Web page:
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In 1986, under the direction of the AAPT Executive Officer, Jack Wilson, the American Association of Physics Teachers (AAPT) organized the United States Physics Team for the first time. — AAPT.ORG

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Photo of Samuel Zbarsky

Samuel Zbarsky

Traveling Team

Silver Spring, MD

Montgomery Blair High School

Grade: Senior


Reading, thinking about various cool stuff


Math team, Science Bowl, It's Academic, Computer Club


Honorable mention at 2012 International Linguistics Olympiad, 2012 USAMO winner, 2011 IMO team alternate, Intel STS 7th place


I've loved math as long as I can remember, thanks to my parents. My parents had many years' worth of issues of Kvant, a math and physics journal for high schoolers, at home. At first I only read math articles and solved math problems, then I started reading physics articles too. My older brother (who was on the US Physics Team in high school) taught me many interesting things and gave me physics-related things to think about.

One thing that made physics interesting for me (and for most people who had good teachers) were various physics toys, especially the less intuitive ones. Explanations of how a top works using angular momentum was really the first non-intuitive bit of physics that I was taught, and made me realize that you can't necessarily understand physics just using common sense and that abstract math-based formal manipulation is necessary.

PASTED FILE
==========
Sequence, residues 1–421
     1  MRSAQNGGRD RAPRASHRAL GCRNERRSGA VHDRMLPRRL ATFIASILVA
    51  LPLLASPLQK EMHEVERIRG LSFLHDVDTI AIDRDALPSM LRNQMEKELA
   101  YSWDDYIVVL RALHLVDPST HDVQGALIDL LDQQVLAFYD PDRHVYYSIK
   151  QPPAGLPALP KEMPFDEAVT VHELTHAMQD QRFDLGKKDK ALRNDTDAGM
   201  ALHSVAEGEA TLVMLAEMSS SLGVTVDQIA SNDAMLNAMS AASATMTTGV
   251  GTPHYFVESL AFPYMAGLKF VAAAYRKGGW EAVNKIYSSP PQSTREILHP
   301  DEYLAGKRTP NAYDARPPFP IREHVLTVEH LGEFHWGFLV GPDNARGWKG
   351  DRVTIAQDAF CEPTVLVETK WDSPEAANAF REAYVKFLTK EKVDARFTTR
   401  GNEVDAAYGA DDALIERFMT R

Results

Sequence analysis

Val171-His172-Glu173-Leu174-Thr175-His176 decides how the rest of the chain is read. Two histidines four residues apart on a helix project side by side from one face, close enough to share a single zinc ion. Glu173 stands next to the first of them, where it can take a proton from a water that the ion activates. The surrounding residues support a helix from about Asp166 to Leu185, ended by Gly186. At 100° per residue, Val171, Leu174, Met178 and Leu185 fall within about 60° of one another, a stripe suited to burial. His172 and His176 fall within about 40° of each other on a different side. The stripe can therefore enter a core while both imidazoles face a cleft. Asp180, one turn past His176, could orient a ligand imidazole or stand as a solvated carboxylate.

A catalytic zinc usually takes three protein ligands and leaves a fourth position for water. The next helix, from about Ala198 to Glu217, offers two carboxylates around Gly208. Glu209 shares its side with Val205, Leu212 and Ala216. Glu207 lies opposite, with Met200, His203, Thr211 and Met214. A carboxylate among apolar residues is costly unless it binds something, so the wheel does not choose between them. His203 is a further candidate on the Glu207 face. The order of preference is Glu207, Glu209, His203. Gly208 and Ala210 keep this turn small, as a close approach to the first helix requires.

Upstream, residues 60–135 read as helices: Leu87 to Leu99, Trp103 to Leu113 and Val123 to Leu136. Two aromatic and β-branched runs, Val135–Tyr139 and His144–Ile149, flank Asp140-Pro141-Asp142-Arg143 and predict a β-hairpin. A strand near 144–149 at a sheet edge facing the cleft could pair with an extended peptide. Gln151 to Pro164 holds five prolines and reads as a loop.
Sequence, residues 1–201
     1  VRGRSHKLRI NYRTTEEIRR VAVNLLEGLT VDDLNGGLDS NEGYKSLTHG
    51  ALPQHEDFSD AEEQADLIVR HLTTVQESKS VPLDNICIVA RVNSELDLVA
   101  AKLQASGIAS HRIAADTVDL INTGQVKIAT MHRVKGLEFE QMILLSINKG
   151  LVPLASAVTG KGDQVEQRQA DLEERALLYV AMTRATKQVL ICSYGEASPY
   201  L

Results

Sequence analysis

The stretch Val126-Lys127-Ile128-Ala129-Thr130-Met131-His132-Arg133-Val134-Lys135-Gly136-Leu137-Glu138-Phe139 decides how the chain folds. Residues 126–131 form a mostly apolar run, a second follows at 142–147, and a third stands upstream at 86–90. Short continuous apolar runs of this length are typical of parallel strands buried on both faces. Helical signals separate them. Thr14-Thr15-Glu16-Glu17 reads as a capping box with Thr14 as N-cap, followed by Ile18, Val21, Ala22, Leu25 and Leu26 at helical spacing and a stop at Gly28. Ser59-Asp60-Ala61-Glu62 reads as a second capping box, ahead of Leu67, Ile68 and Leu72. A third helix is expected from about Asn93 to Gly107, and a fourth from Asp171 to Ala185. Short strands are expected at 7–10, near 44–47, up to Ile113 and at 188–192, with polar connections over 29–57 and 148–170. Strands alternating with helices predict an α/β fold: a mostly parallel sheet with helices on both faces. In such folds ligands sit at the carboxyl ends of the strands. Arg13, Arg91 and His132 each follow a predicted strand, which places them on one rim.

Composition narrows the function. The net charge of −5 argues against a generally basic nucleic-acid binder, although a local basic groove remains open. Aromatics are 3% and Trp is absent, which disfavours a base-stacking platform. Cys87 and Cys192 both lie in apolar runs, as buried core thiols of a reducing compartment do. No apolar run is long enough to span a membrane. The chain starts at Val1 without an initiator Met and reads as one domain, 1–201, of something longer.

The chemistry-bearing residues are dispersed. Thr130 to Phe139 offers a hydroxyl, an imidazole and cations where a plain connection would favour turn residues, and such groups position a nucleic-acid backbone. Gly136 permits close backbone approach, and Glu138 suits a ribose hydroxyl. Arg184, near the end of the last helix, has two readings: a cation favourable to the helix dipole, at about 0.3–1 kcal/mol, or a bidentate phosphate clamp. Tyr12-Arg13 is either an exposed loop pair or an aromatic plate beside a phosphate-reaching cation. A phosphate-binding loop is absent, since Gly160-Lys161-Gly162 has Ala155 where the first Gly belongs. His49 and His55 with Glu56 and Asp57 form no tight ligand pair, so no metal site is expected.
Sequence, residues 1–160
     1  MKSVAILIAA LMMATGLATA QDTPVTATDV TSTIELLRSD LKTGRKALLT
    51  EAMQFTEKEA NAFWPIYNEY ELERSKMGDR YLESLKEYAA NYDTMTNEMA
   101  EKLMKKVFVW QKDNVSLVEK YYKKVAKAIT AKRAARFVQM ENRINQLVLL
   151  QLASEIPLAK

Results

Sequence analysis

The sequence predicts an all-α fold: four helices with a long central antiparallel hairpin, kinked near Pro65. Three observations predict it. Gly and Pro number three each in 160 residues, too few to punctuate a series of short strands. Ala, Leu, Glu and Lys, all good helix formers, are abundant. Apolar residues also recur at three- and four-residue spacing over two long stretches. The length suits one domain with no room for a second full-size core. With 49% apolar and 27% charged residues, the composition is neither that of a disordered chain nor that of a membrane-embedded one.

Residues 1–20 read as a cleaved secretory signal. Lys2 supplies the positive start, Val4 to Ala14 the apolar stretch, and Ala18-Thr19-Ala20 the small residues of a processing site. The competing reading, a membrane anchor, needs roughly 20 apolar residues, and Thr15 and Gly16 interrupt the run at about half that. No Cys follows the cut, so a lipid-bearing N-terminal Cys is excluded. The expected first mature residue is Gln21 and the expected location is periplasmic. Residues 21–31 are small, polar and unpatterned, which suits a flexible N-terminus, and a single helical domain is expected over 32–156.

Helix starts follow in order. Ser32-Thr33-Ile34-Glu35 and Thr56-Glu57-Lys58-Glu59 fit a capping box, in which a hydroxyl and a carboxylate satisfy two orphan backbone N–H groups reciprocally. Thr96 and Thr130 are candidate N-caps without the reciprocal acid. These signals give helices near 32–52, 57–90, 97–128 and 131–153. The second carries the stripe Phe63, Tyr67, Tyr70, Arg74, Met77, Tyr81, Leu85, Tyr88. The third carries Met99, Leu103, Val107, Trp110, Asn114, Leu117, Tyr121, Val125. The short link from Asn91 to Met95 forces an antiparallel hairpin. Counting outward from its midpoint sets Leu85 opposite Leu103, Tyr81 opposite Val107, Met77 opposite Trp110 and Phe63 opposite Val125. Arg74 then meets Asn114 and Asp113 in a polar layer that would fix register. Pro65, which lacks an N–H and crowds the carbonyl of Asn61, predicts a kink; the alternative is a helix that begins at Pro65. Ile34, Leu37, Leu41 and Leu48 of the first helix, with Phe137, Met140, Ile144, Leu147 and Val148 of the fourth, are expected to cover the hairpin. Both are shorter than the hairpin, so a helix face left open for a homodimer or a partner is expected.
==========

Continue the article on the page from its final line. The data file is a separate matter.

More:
Physics was the only other subject in school that had the same sort of logic as math. It was the only other subject that I could apply math to and not lose the rigor (once I chose assumptions to make). My 9th grade physics teacher spent a long time on the most basic mechanics, including derivations of various formulas for one-dimensional motion. It seemed at the time that he was going too slowly, but I now understand that this was the right approach.

I started taking USAPhO in 10th grade and finally made the team this year. I hope to learn a lot of physics at camp and to come to understand things better.

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